Dan Haren tosses seven scoreless to lead Nationals over Brewers

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MILWAUKEE — Six weeks ago, as Dan Haren walked off the mound at Nationals Park, it was impossible not to hear the boos raining down on him.

He carried with him what was the highest ERA among qualified starters in the major leagues. A three-time All-Star, multi-year Cy Young contender and $13-million free agent acquisition, Haren was enduring the worst season of his professional career. A 15-day stint on the disabled list, suggested by the higher ups and validated by inflammation in his pitching shoulder, followed.

Saturday night, in the process of leading the Nationals’ to a 3-0 victory — with the help of homers from Adam LaRoche and Wilson Ramos — Haren tossed seven scoreless innings and lowered his ERA since that awful June afternoon to 2.40. 

For the second consecutive start Haren went seven strong innings. And for the third time since coming off the disabled list on July 8, he allowed one run or fewer.

“Finally contributing to this year,” Haren said. “I guess better late than never.”

Haren was one of the Nationals’ few offseason acquisitions. Needing a replacement for Edwin Jackson, they chose him as their addition to a starting rotation that was one of the game’s best in 2012. They viewed him through his track record: consistent, durable and possessing the ability to be as dominant as few in the game. 

His career ERA entering this season was 3.66 and his strikeout to walk ratio was among the best in the game’s history. Over the course of the previous 10 years, Haren had thrown 16 complete games and six shutouts.

But in a 2013 season that has gone little like they hoped to this point, the first part of Haren’s season is near the top of the list of things the Nationals did not expect.

He did not expect it. The failure ate at him.

“It was rough,” Haren said Saturday night, after striking out six Brewers and walking two. He only once allowed more than one baserunner in an inning. “It was rough on me, on the field and off the field even. It’s nice to kind of put that behind me and hopefully just move forward.”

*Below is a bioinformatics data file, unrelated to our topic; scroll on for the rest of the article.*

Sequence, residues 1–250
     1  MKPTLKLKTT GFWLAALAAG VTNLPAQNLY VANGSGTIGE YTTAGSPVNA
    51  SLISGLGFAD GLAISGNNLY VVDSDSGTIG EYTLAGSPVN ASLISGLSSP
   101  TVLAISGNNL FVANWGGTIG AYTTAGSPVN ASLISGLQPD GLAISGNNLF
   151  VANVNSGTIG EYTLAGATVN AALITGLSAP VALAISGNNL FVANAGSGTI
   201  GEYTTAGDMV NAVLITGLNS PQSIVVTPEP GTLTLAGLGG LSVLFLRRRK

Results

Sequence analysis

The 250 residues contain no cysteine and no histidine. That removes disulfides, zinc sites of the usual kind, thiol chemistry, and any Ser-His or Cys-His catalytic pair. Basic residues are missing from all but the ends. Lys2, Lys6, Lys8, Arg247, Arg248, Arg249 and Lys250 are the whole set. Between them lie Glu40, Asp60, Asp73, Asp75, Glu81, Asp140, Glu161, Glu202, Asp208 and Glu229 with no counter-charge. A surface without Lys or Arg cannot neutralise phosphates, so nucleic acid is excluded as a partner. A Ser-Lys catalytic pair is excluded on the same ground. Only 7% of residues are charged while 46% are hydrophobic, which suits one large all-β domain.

“He’s got a great resume coming in,” said manager Davey Johnson. “I know he wasn’t proud of the way it was going… He’s certainly pitching good now. That’s the good thing.”

Haren’s focus on Saturday was on keeping the ball down and trying to take advantage of a Brewers team he knew was near the top of the league in putting the first pitch in play. He reminded himself throughout the night to make good pitches early in the count. 

“Everything was down,” Ramos said. “That was an outstanding job for him. I’m happy to see him back… I’m very excited for him to throw like that. Especially when we put zeroes on the scoreboard. I love that.”

While Haren never felt his shoulder was a big enough issue to warrant the DL stint, he admits that the break gave him time to clear his head.

In the season’s first three months, any time Haren made a mistake it was hit. On 19 of those occasions, it was hit out of the ballpark.

So, while also working to slow down his split-fingered fastball a bit, mostly Haren worked to remind himself to keep the ball down in the zone. He has allowed just two home runs — both to Andrew McCutchen — since coming off the DL.

The Brewers are not having a great season. But their No.’s 2-5 hitters are also not ones to overlook. Haren held them hitless in 14 at-bats. In his final inning of work, Carlos Gomez struck out looking on three pitches.

In helping the Nationals win their second consecutive game and improve to 54-56, Haren continued to produce the way the Nationals hoped he would. The way they expected he would. The way he expected he would.

“I think I appreciate it more now just because of how crappy the first part of the year has gone,” Haren said of the pride he’s taken in the last few outings. “I really learned to appreciate a good outing, and now, putting together a few good outings.

“But it’s just a matter of maintaining that for the last two months and continuing to help the team… We’ve got our work cut out for us but we can’t really look at the big picture, just got to look at tomorrow.”

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About the Author
Amanda Comak

Amanda Comak

Amanda Comak covers the Washington Nationals and comes to The Washington Times from the Cape Cod Times and after stints with MLB.com and the Amsterdam (N.Y.) Recorder. A Massachusetts native and 2008 graduate of Boston University, Amanda can be reached at acomak@washingtontimes.com and you can follow her on Twitter @acomak.

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